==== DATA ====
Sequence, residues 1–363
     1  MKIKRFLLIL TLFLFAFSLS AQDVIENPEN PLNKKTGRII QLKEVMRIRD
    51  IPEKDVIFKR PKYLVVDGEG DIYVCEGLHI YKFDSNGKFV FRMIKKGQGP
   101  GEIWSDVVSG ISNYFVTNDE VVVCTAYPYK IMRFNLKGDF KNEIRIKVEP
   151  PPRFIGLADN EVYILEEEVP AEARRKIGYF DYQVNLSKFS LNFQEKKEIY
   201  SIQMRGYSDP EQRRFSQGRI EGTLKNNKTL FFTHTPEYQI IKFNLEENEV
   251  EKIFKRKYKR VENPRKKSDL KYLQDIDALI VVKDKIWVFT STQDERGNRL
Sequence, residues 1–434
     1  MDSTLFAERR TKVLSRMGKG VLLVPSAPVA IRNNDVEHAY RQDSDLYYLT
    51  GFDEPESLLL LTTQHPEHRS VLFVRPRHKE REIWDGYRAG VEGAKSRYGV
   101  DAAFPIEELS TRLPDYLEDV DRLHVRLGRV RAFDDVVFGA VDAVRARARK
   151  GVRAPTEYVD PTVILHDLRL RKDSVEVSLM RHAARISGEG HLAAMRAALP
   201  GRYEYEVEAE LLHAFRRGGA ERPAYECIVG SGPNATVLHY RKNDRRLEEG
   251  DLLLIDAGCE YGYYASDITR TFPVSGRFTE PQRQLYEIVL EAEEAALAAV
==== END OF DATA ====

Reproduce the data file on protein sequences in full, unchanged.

Sequence, residues 1–363
     1  MKIKRFLLIL TLFLFAFSLS AQDVIENPEN PLNKKTGRII QLKEVMRIRD
    51  IPEKDVIFKR PKYLVVDGEG DIYVCEGLHI YKFDSNGKFV FRMIKKGQGP
   101  GEIWSDVVSG ISNYFVTNDE VVVCTAYPYK IMRFNLKGDF KNEIRIKVEP
   151  PPRFIGLADN EVYILEEEVP AEARRKIGYF DYQVNLSKFS LNFQEKKEIY
   201  SIQMRGYSDP EQRRFSQGRI EGTLKNNKTL FFTHTPEYQI IKFNLEENEV
   251  EKIFKRKYKR VENPRKKSDL KYLQDIDALI VVKDKIWVFT STQDERGNRL
Sequence, residues 1–434
     1  MDSTLFAERR TKVLSRMGKG VLLVPSAPVA IRNNDVEHAY RQDSDLYYLT
    51  GFDEPESLLL LTTQHPEHRS VLFVRPRHKE REIWDGYRAG VEGAKSRYGV
   101  DAAFPIEELS TRLPDYLEDV DRLHVRLGRV RAFDDVVFGA VDAVRARARK
   151  GVRAPTEYVD PTVILHDLRL RKDSVEVSLM RHAARISGEG HLAAMRAALP
   201  GRYEYEVEAE LLHAFRRGGA ERPAYECIVG SGPNATVLHY RKNDRRLEEG
   251  DLLLIDAGCE YGYYASDITR TFPVSGRFTE PQRQLYEIVL EAEEAALAAV